I’ve been officially summoned to a court of law.

I received a subpoena in the mail recently, telling me that I have to appear in municipal court to give testimony as a witness in an incident to which I was a party.

At first I didn’t understand what was going on. I got scared ‘cause I assumed I was in trouble. But as I read the subpoena I figured out what was going on. I’m being summoned to be the “star witness.” The subpoena didn’t actually say the words “star witness” on it but I’ve watched enough episodes of “Law & Order SVU” to know that my testimony will make or break this case. And I’m taking that very seriously.

On a side note, I thought it was odd that something as important as a subpoena to appear in a court of law is just MAILED to someone. I mean, what if I was on vacation and didn’t check the mail in time? Or what if someone had stolen my mail? What if I had moved? They just HOPE that the subpoena gets to the right person? That seems odd to me.

But I digress.

My day in court is coming up and as the star witness (which is what I’m going to request to be called during the proceedings), I want to make sure that I do everything I’m supposed to do. So I Googled “How to be a Star Witness”... and there was actually a website that told me how to do that. Here’s what it says.

“If you are about to be a witness in a deposition, trial or arbitration, here are a few pointers:

1. Prepare — Before attending court or your deposition, attempt to recall the facts and circumstances about which you will be expected to testify. ......Got it. I remember the incident like it was yesterday.

2. Talk To An Attorney — I think I can bypass this one. I’ve re-watched “A Few Good Men,” the 1992 legal drama with Tom Cruise and Jack Nicholson, and I’m pretty sure it has accurately prepared me for my day in court. Plus, I’ve got countless hours of “Judge Judy” and “The People’s Court” under my belt.

3. Read your Deposition — No clue what that is. I’ll just wing it.

4. Don’t Memorize — It said don’t attempt to memorize your testimony. Don’t worry, I intend to speak passionately from the heart and I’m also prepared to perform an interpretive dance of the incident if that would help illustrate it better for the judge and jury. I don’t know if there’s a jury at municipal court, but I certainly hope so.

5. Look Good — This website says I should dress in “neat, clean and conservative clothing.” I guess I’ll just wear what I wear to work or church and hope that’s good enough.

6. Don’t Gossip — OK, this one’s gonna be tough. It says that I should avoid talking about the testimony or the case at the courthouse or within earshot of strangers ... I feel like that ship has sailed.

The website I looked at had a lot more points on how to be a star witness but I didn’t have time to read all of them. In essence it told me to be nice and speak clearly and to make sure I understood questions that were being asked of me.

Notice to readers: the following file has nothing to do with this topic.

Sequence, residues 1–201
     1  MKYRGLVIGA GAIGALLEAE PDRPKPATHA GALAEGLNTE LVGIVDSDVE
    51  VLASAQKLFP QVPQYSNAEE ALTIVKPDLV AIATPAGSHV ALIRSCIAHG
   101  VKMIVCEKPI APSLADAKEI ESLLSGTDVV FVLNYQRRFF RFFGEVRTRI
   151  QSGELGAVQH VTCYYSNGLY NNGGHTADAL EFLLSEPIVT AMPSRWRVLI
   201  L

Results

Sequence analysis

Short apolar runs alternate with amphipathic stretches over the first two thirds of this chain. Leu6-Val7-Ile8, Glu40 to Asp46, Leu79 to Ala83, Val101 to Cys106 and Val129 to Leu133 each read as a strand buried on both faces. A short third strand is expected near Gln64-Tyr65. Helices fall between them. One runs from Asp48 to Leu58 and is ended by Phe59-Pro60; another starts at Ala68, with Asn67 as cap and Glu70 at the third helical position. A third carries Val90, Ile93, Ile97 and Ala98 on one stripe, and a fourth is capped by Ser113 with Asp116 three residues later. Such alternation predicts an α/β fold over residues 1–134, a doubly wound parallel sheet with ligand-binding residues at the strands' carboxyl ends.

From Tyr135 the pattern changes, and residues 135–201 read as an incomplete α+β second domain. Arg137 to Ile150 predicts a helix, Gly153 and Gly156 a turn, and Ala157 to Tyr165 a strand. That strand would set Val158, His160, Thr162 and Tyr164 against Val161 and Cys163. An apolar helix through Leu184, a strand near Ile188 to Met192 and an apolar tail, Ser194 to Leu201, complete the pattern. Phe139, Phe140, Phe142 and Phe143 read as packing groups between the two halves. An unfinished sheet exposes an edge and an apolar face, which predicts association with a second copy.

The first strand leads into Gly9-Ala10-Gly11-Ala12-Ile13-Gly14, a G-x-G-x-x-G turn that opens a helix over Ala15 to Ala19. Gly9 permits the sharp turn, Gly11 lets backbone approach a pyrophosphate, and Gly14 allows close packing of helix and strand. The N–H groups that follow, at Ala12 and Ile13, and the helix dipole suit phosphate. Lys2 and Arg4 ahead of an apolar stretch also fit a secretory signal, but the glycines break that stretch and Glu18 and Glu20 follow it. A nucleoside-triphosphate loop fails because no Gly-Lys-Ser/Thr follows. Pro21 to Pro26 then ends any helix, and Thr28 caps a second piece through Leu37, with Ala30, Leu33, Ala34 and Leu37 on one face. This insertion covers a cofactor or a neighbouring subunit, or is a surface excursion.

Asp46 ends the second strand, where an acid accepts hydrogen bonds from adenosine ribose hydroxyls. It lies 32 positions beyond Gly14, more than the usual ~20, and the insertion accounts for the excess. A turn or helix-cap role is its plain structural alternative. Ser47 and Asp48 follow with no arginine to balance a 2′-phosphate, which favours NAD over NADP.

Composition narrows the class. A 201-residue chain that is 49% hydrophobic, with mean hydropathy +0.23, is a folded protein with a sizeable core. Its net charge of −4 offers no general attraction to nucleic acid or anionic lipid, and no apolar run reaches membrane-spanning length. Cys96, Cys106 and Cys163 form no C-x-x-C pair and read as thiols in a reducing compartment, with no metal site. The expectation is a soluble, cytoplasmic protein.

In preparation for my day in court, I’ve made a list of legal terms and jargon that I’d like to use during my testimony. I feel that using these particular terms will endear me to the judge and make it seem like I really have a firm grasp of the judicial system, adding weight and gravity to my testimony.

1. Habeas Corpus — My friend John explained what this means but I don’t understand it. I think it’s Latin. However, I’ve heard it used many many times on TV and I think it will be expected of me to say.

2. Counsel is Badgering the Witness — I really wanna use this one. Since I’ll be the witness, I’ll know if I’m being badgered and can stand up and direct this to the judge, who will then say “sustained,” which means he or she agrees with me.

3. May I Approach the Bench — I’ll say this when I want to speak privately with the judge. He or she will allow me to come forward and I’ll say something witty and he or she will laugh, praise my “sharp legal mind” and we’ll carry on with the proceedings.

4. You Can’t Handle The Truth — Jack Nicholson delivered this line in a very powerful and emotional scene in “A Few Good Men.” When the judge asks me if I swear to tell the truth, I will cry out “you can’t handle the truth” and everyone in the courtroom will realize that the information I possess could have tremendous impact.

5. Nolle Pros — once again, absolutely no clue what this means. But I’ve heard attorneys use this term all the time so if I want to fit in I’ll have to find a way to work it into my testimony.

6. The Scales of Justice — This is a really good expression that I intend to use toward the end of my testimony ... something along the lines of “And in conclusion, your honor and ladies and gentlemen of the jury, I would like to say that I hope my testimony today has tipped the scales of justice toward righteousness and truth” ... or something like that.

Severo Avila is Features Editor for the Rome News-Tribune.

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